CWD Update: Mississippi detects 14 new positives last week

Published 4:41 pm Monday, January 1, 2024

By Hunter Cloud
Brookhaven Daily Leader

The Mississippi Department of Wildlife, Fisheries and Parks reported a rash of new Chronic Wasting Disease positive detections at the end of December. In one week, 14 new positives have been detected.  It is likely more will come in over the next few weeks as the testing lab works through samples around holidays and increased hunter harvests during peak rut times.

Chronic Wasting Disease is a 100 percent always fatal disease found in deer and other members of the cervidae family. CWD is caused by an infectious prion, misfolded protein, which is neurodegenerative.

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Deer often do not show any physical symptoms of CWD until the late stages of the disease, which could be 18 months after initial infection. Positive deer shed CWD prions into the environment through bodily fluids, where they persist in soil and vegetation. Healthy deer can become infected through this indirect contact with prions in the environment or with direct contact with infected deer.

Since first detection in 2018, MDWFP has detected 266 positives. The first positive was detected in Issaquena County, where there are now three positives.

Warren County had a positive detection early in the year and added this fifth detection last week. Hunters in Warren County have submitted 1,862 samples since 2018 and have thus found additional positives in proximity to the first detection in Issaquena County.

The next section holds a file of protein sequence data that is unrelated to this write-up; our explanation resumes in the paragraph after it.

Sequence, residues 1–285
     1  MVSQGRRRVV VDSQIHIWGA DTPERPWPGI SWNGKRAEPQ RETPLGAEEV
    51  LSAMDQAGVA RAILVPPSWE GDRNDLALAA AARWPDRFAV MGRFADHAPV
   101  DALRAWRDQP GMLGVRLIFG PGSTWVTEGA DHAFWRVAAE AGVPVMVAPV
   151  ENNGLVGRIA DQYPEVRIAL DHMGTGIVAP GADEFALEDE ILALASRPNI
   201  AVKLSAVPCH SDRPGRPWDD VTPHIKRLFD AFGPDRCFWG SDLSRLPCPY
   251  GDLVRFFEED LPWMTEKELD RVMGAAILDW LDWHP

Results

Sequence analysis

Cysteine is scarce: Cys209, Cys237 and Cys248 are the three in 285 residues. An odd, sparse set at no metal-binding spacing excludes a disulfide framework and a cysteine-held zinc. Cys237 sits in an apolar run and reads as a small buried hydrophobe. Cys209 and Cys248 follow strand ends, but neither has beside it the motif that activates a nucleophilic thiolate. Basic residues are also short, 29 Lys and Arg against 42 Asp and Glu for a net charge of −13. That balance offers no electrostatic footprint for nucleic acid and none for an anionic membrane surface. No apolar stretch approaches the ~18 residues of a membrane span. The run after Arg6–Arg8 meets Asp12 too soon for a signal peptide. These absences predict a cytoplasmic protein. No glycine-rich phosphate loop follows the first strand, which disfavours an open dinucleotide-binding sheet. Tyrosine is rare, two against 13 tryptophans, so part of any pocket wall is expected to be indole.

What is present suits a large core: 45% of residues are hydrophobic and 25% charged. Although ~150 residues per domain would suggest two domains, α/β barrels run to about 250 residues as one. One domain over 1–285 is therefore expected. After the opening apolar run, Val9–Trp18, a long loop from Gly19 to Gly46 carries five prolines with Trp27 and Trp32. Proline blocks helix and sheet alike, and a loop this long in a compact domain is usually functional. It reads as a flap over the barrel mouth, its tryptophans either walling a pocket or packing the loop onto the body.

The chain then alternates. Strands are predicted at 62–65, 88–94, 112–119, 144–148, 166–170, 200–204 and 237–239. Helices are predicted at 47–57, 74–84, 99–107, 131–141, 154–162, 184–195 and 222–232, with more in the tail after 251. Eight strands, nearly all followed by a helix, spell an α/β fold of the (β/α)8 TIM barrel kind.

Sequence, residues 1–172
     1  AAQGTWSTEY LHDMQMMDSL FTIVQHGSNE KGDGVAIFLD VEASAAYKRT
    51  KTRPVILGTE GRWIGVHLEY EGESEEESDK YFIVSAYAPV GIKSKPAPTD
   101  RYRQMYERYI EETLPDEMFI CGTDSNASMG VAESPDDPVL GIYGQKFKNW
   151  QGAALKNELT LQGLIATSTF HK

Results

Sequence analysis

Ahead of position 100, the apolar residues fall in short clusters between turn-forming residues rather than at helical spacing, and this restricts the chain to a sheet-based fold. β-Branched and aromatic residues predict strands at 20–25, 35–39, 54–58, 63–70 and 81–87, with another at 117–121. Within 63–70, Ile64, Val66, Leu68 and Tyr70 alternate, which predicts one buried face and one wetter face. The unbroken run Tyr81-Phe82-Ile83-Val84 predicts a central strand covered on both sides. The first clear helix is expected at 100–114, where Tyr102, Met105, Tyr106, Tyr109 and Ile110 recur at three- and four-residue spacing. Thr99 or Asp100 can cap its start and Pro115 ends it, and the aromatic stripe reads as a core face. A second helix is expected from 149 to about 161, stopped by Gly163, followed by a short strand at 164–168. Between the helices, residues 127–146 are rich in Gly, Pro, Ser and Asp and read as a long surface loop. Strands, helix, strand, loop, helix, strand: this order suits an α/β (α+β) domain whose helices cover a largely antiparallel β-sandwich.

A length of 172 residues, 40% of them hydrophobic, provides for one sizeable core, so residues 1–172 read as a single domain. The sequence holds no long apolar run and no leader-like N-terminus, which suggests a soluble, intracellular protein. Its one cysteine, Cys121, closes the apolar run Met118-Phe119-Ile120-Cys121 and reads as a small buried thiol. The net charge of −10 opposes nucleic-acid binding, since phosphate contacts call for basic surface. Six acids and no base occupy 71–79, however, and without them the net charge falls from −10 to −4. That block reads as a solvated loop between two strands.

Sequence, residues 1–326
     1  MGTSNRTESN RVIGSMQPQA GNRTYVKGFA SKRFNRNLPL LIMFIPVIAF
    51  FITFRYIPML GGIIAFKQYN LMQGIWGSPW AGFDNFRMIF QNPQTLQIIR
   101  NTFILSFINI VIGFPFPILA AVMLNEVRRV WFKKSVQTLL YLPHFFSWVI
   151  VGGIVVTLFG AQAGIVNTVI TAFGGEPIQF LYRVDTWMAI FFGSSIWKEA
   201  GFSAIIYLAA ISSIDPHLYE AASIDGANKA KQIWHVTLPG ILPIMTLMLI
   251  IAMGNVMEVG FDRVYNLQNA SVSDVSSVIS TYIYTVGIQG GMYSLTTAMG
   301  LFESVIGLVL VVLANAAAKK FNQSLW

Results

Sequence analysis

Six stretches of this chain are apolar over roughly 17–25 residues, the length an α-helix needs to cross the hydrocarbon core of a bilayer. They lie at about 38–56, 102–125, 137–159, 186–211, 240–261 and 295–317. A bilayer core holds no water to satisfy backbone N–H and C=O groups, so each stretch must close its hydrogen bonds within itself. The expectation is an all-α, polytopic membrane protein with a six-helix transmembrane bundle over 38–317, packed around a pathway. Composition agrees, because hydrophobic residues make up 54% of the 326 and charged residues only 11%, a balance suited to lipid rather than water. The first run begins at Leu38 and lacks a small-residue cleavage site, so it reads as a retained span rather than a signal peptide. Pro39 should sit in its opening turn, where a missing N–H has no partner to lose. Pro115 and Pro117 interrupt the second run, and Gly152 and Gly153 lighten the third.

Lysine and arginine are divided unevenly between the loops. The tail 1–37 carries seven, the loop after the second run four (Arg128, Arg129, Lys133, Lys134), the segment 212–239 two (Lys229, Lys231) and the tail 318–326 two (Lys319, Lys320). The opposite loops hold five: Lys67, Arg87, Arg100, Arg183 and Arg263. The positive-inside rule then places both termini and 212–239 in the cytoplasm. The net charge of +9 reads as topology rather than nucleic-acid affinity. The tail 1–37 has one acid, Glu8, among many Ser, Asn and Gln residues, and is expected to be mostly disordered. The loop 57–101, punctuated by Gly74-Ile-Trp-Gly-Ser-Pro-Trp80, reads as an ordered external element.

Lafayette County has submitted 847 samples since 2018 and Panola County has submitted 1,959 samples. However, more samples are needed across the state, especially in counties where there has been less than 300 samples per year. The majority of counties in Southwest Mississippi fall into this category.

Hunter-submitted sampling is crucial in detecting the disease early so the state agency can enact the CWD management plan to mitigate the spread of the disease.

Benton County, which has historically been one of the more sampled counties, leads the state in positives with 157 since first detection. Marshall County is not too far behind with 83 positives.

CWD samples can be dropped off at self-serve coolers around the state or at participating taxidermists. The drop-off cooler in Lafayette County is at Fire Station 1, 401 McElroy Dr., in Oxford. In Panola County, drop-off is at Panola County EMS, 100 MSG William J Ferrell Dr., in Sardis.

The closest participating taxidermists are in Panola County: Tony Capwell, Kim Chunn, Ben Wilson, Robert Hoff and Calvin Patton. Taxidermists who would like to participate should contact